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Note to Business Student-Athletes: Don’t Forget Taxes

Updated: Aug 7, 2022


The National Collegiate Athletic Associations and the National Association of Intercollegiate Athletics new name, image, and likeness (“NIL") rules allow student-athletes with thousands, and some with millions, of followers to profit off of the use of their NIL. Including through sponsorship deals to represent companies and their products while maintaining eligibility. Many lucrative NIL deals have already surfaced.

A few months after enactment of the NIL rules and multiple lucrative NIL deals later, it’s safe to say that student-athletes can now be considered business-athletes, effectively making them entrepreneurs and small business owners. With the ability to now generate revenue comes great responsibility.[i]

Business student-athletes will soon realize or remember that with income comes taxes, contracts need to be reviewed, and compliance is a concern to deal with. Students signing NIL deals should consider consulting with attorneys, accountants, and personal advisers.[ii]

While smaller deals may be easier to navigate and simple enough to report on a 1040 tax form, that will become more challenging as the dollars increase.[iii] Further, since athletes are unlikely to be hired as employees, their taxes will not be taken out the way they would if the athlete was getting a regular paycheck. This is advantageous to get the larger gross checks and to have cash management potential. However, it’s disadvantageous if the athlete believes that check is all for them. Up to half or more could go to the IRS and their state.[iv]

Business student athletes should consider that cash is not the only thing that is taxed. The “free” stuff, like a car, the products, or travel is taxed as well. These benefits are generally taxed at the fair market value, which creates even more issues as athletes can have taxable income without even receiving cash.[v] The companies write off all of the gifts on their taxes. The value of these items are usually income to the athletes too. In a cash payment for specific actions contract, the fees might be bundled for certain services, or listed as a dollar amount for each item from appearances, autograph signing, media posts, and endorsements.[vi] Merchandise allowances for services also are taxed, based on the value of the merchandise.[vii]

The sponsor who wants the athlete to wear their gear is required to issue IRS Forms 1099 each year for the value of the gear. IRS Forms 1099 are sent in January for the prior calendar year. Federal taxes apply with a top rate of 37%. Additionally, state income taxes apply. But which state gets to tax this income, the athlete’s home state, or where he or she attends college? Income earned across multiple states generally requires filing multiple state income tax returns. An appearance in a nearby state could create a need to file a return for that state. Income will likely need to be apportioned to different states if the athlete lives in different states during the year.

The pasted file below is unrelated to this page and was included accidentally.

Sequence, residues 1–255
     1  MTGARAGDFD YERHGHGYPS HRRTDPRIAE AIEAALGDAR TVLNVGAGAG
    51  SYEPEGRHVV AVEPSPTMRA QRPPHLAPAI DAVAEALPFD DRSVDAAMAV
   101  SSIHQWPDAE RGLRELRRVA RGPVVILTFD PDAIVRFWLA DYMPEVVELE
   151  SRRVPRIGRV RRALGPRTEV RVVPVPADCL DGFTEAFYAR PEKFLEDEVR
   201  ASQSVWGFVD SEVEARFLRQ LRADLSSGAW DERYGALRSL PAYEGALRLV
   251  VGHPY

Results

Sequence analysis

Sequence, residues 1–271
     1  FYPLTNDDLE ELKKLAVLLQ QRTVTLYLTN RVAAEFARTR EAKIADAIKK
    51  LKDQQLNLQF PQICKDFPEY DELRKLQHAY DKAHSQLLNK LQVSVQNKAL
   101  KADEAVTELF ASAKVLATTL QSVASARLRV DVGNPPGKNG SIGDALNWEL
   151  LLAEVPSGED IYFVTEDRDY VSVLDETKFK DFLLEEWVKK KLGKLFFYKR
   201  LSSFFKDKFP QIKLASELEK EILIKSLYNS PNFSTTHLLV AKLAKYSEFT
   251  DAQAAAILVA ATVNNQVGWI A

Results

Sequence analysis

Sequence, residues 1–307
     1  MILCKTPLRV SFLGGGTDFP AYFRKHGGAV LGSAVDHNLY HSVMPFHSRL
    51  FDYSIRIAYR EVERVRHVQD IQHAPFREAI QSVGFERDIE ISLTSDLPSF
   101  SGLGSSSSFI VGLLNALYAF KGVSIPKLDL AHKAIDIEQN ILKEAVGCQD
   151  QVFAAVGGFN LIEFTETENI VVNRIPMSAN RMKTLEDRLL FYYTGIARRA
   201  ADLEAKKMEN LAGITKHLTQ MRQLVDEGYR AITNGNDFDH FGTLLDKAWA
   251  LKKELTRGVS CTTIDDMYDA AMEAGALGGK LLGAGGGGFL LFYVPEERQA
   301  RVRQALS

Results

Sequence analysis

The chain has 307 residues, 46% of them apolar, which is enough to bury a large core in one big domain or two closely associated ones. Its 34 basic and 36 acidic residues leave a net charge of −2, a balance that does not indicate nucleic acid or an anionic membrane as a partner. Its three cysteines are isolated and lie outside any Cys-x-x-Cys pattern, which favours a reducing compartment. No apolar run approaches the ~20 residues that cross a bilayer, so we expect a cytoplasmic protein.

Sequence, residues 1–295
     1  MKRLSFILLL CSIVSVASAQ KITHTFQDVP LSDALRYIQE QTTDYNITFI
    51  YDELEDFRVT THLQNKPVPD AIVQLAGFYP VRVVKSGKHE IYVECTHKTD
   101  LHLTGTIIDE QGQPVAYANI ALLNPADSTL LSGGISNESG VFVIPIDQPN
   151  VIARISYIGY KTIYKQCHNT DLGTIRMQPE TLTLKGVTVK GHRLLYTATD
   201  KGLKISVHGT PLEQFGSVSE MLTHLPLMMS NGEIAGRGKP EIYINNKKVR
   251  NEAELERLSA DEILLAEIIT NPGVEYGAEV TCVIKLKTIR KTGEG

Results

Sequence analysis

Another consideration is self-employment tax. The tax code imposes three different taxes on self-employment income: a 12.4 percent Social Security tax, a 2.9 percent Medicare tax, and a 0.9 percent Medicare surcharge tax.[viii] For 2021, the Social Security tax applies to self-employment income up to $142,000.[ix] The Medicare tax is imposed on an individual’s self-employment income, and the Medicare surcharge tax is imposed on self-employment income exceeding $200,000, or in the case of a joint return, $250,000.[x] Collectively, these three taxes make up self-employment tax. In most cases, athlete income is likely to be considered self-employment income.

Besides the filing of annual tax returns, there is a compliance burden. There are quarterly estimates to make, so athletes pay into the IRS four times a year. Planning ahead is crucial so a business student-athlete doesn’t end up unable to pay their taxes. Business student-athletes should consider forming their own companies that in turn will get paid, and that will pay them. As a C corporation, S corporation or LLC, their entities may do much of the contracting, and they can open up added tax and other benefits.[xi] This new generation of business-athletes will need to make sure to keep track of their income and where it comes from. Additionally, they will want to keep track of all their expenses as those will help offset the income that they receive. Expenses such as travel, meals, phones, and internet are deductible if incurred as part of their business.[xii]

New business student-athletes should consider the tax implications of their NIL endorsement deals which may require a full team effort.

[i] Laird, P. Brent, STUDENT ATHLETES: NAME, IMAGE, LIKENESS, & TAXES (July 2021) [ii] Moody, Josh, Name, Image, Likeness: What College Athletes Should Know About NCAA Rules, US News, (Aug. 9, 2021, at 10:27 a.m.) [iii]Id. [iv] Wood, W. Robert, College Athletes Cutting New Name Image Likeness Deals Could Be In For A Tax Shock, Forbes, (Aug 30, 2021,11:40am EDT) [v] Laird, P. Brent, STUDENT ATHLETES: NAME, IMAGE, LIKENESS, & TAXES (July 2021) [vi]Id. [vii]Id. [viii] Wood, W. Robert, College Athletes Cutting New Name Image Likeness Deals Could Be In For A Tax Shock, Forbes, (Aug 30, 2021,11:40am EDT) [ix]Id. [x]Id. [xi] Laird, P. Brent, STUDENT ATHLETES: NAME, IMAGE, LIKENESS, & TAXES (July 2021) [xii]Id.

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